Why are readers so accepting of amateurish writing? I haven't even gone near the Shades of Gray trilogy. I've heard that the writing is so bad that I know I wouldn't get past the first few paragraphs, and then would vent my irritation in a very nasty blog post.

Saturday, September 05, 2015

Yo, gamers!! A little originality won't kill you!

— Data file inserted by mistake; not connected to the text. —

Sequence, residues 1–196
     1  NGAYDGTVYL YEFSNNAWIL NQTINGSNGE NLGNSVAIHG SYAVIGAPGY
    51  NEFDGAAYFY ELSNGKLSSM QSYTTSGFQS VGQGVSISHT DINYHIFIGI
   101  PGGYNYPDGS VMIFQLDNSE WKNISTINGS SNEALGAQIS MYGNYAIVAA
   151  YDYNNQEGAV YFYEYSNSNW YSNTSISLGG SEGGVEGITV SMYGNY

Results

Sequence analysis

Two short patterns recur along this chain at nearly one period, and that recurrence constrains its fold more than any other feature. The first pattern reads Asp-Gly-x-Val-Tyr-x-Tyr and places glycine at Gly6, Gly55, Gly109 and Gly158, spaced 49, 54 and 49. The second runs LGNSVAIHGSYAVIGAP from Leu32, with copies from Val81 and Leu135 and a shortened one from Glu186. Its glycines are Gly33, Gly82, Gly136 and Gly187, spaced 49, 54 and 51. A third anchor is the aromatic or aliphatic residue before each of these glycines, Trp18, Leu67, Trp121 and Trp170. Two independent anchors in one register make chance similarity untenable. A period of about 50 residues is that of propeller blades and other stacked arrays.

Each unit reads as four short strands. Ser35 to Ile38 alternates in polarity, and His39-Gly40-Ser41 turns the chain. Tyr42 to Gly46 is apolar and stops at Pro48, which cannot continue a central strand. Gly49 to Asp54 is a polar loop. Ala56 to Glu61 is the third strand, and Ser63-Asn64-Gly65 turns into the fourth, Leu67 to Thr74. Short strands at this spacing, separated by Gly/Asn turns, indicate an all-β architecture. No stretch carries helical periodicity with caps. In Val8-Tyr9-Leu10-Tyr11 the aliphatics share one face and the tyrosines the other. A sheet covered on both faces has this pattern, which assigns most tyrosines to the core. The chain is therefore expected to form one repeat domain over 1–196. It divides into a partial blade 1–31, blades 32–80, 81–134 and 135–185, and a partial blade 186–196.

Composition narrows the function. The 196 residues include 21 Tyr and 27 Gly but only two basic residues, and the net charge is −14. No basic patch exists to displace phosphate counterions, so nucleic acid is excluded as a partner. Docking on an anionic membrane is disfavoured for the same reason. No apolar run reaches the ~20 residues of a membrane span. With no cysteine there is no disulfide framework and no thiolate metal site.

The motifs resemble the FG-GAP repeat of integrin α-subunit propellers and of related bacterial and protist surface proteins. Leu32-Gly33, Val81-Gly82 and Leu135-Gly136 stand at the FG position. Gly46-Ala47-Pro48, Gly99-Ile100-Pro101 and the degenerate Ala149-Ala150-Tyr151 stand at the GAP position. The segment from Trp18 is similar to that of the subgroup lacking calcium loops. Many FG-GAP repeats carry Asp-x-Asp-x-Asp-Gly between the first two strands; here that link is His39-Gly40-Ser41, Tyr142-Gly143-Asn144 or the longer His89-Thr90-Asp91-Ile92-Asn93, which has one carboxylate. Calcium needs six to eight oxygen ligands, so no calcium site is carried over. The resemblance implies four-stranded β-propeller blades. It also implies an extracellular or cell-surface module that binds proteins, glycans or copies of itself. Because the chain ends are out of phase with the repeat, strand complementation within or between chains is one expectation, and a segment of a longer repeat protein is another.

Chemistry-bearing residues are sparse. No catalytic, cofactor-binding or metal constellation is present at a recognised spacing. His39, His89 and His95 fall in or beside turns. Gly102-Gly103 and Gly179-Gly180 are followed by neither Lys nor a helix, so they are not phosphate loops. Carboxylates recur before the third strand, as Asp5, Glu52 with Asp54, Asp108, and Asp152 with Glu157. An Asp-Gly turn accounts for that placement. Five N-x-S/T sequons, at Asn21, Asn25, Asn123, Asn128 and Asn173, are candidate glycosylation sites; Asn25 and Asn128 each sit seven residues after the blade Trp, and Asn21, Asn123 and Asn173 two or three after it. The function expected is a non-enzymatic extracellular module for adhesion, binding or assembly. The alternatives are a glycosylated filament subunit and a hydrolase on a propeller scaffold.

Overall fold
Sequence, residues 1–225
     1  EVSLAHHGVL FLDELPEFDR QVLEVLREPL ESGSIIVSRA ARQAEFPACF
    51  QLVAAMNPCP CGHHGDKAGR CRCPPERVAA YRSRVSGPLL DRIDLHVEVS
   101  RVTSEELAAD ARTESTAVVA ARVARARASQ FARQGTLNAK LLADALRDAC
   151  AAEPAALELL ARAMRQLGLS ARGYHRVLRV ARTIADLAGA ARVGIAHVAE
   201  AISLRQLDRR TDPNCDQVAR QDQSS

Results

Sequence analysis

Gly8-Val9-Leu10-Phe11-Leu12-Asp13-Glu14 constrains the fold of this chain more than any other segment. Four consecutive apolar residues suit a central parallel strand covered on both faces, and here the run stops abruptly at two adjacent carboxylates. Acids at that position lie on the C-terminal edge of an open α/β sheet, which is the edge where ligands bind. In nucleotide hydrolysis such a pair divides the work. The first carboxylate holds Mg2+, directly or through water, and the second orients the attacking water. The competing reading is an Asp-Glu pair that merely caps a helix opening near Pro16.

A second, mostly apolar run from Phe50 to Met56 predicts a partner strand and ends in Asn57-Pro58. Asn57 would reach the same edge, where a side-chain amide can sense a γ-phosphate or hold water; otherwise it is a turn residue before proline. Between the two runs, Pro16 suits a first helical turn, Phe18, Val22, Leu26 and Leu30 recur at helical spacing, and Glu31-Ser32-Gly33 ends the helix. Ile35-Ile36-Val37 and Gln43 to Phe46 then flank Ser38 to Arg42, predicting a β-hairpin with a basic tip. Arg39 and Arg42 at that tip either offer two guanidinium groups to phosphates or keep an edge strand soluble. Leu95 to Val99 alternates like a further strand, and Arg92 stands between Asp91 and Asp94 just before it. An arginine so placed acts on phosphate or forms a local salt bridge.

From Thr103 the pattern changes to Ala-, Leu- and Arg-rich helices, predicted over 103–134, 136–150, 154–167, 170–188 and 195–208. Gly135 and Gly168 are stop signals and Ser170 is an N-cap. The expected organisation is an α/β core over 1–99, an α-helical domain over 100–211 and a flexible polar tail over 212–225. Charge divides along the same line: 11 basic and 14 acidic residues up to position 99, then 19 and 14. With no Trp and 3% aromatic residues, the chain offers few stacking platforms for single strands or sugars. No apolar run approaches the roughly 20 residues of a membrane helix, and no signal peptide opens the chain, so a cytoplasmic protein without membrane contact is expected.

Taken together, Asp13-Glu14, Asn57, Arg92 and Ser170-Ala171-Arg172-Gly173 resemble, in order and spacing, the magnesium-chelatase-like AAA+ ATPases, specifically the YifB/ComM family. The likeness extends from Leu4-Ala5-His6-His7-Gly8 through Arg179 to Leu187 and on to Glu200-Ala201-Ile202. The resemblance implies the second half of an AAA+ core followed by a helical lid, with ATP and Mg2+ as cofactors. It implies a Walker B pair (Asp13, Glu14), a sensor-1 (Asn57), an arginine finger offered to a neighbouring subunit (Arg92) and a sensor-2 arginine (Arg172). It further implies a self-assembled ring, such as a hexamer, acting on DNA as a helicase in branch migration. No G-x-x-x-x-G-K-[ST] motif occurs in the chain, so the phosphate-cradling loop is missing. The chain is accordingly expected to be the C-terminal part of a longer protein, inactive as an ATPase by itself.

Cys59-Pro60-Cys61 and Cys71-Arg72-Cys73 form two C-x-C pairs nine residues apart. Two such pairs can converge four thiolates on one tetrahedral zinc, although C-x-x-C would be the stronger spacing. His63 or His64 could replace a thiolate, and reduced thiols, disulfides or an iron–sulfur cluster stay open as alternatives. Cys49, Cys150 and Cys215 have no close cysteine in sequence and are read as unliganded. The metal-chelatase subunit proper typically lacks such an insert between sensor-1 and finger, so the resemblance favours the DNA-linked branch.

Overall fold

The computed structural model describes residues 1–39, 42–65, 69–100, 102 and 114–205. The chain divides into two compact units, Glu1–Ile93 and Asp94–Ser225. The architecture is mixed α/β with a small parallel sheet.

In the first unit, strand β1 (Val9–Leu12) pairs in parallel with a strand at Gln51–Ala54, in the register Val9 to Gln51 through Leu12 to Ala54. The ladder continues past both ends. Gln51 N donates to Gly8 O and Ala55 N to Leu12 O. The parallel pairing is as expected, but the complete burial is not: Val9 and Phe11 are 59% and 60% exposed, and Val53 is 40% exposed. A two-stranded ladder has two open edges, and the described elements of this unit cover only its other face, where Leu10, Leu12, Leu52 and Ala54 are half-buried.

I've just watched the video Top 25 Upcoming Games of 2015 and I can say with conviction that you all are stuck in a rut. What is the appeal of post-apocalyptic dystopia? It's the new big beautiful tomorrow? The new black? It looks to me, from a distance, that game culture is as restrictive and conformist as Lutheran culture in the 1950s, only the conformity paradigm is grunge and anarchy rather than clean shirts and neat haircuts. But stray from conformity at your own risk, nonetheless. The main question to answer now when designing a game seems to be the point at which apocalypse occurs in the timeline. It reminds me of discussions long ago in my religious days of whether pre-trib, mid-trib, post-trib, pre-mil or mid-mil was the right scenario for when the Rapture will occur relative to the Great Tribulation that leads up to Armageddon and the Millenium which follows Armageddon. In the game world now the choices seem to be primarily pre-apocalypse, mid-apocalypse or post-apocalypse. Doesn't a list of the most popular games lean in that direction? If a studio wants a game to be taken seriously, the floors had better be strewn with rubble and body parts at some point during the game.